The arrival of yet another group of Bangladeshis last week as deportees from Greece accentuates the vulnerability of the unemployed youth in the country. Having tried all avenues, many of them get allured by the promises of regular work and good pay in a foreign country given by the agents of human traffickers. In their desperation for financial support from the Bangladesh government, the deportees from Greece staged a sit-in and token hunger strike in front of Jatiya Press Club in Dhaka on January 3. They narrated their story before the media saying some of them had paid the agents Tk 13-14 lakh to go to Greece.
It was quite perturbing to learn that some of them went to the Middle East a couple of years back, but as their employers did not pay them for two months, they decided to go to Greece—some fellow migrant workers had told them that the European countries offered better opportunities. The group of deportees said that local traffickers took about 70 illegal migrants, including 20 Bangladeshis, on a two-week hectic journey to enter Greece from Turkey via an illegal route. They endured immense hardships, often having to walk up to 20 hours a day through the jungle and mountainous roads, and even crossing a river on a plastic boat. The final chapter of their sad saga began when, after about two months, they were caught by the Greek police for illegal entry into the country and working as undocumented workers. About 18 of the Bangladeshis were sent to a detention center, and after about 15 months, were deported back to Bangladesh.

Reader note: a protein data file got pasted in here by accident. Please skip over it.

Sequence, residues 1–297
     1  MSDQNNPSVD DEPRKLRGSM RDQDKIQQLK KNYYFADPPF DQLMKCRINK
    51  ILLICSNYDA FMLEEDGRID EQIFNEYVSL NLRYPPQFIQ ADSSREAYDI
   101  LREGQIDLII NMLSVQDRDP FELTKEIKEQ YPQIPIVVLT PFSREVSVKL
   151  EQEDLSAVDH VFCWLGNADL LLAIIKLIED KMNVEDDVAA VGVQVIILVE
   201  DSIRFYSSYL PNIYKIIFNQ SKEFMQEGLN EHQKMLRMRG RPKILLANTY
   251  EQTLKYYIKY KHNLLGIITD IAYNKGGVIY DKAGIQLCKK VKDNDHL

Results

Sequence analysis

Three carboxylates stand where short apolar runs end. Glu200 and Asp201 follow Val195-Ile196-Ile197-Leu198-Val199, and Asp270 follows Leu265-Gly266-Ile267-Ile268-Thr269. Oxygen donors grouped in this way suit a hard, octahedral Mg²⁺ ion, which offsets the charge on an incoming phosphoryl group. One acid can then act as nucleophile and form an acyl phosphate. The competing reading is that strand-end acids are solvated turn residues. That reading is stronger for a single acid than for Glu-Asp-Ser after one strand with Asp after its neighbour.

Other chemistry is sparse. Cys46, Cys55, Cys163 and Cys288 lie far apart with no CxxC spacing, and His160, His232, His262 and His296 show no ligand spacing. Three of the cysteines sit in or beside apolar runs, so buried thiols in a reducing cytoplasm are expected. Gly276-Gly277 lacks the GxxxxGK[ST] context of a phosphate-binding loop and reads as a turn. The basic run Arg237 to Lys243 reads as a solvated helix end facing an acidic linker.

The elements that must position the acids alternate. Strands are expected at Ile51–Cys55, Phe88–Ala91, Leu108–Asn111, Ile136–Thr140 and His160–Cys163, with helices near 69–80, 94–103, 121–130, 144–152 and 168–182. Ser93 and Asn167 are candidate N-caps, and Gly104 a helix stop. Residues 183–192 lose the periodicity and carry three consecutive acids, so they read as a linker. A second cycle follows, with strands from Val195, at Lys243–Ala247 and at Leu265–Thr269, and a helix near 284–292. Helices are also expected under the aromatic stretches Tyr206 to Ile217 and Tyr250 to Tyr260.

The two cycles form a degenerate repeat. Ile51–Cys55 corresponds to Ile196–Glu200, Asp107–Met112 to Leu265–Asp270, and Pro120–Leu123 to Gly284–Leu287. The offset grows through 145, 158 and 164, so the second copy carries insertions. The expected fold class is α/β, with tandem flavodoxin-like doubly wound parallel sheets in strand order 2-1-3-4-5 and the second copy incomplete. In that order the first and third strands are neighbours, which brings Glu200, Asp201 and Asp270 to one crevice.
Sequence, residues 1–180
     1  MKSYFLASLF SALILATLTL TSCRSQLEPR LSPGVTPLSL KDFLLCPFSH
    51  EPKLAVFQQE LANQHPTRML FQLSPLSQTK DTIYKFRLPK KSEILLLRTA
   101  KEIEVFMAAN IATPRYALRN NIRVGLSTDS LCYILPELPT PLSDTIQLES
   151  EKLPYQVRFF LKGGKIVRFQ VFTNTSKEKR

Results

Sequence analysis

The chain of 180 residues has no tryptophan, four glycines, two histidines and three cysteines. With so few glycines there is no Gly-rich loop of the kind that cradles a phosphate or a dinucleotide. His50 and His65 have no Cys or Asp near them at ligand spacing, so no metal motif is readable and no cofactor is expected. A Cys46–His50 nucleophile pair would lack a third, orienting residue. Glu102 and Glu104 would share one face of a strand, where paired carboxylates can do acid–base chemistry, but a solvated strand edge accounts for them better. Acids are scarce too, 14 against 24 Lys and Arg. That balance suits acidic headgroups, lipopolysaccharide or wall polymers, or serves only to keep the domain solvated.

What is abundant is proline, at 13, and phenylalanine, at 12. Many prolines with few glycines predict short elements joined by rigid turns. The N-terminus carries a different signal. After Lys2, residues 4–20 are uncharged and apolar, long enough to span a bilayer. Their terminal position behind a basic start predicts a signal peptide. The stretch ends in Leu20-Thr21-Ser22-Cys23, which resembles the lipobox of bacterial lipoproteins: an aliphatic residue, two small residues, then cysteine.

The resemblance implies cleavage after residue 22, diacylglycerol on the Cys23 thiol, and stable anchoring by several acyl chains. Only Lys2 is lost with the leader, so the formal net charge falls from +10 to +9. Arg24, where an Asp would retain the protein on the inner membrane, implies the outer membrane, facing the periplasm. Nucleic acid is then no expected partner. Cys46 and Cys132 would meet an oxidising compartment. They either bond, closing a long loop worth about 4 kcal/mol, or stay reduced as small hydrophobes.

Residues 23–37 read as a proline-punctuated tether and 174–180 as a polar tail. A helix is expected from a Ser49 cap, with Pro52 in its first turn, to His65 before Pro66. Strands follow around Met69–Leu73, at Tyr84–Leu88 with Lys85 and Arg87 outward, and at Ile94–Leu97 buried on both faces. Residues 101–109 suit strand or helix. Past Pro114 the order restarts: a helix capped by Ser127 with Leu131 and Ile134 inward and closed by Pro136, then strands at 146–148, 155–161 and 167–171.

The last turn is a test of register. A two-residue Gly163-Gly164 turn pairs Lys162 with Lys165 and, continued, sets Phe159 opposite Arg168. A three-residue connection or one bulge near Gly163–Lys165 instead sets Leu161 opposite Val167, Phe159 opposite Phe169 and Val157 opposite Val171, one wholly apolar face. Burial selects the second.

Malaysian Immigration Department arrested 309 undocumented migrants, including 102 Bangladeshi, during an integrated operation carried out at a settlement near a construction site in Dengkil in June 2021.
It may be mentioned here that deportation of illegal migrants happens on a regular basis, but despite wide coverage in the print and electronic media, young men from our country continue to seek illegal migration to the EU and other rich countries in search for a better life. The community members, we feel, have a role to play in collecting information regarding the fate of those who have already set out for the unknown destinations. They should remain informed through the media about migration laws of different countries, and take caution when manpower agents come with unusual offers of good jobs abroad.
The department of social welfare, local government officials, UNO's office and the police should help the young men and women in verifying the job offers and checking the identities of the agents. Moreover, the government should help the returnees with whatever aid is necessary, as well as seek to establish lawful channels for them to work legally in countries like Greece.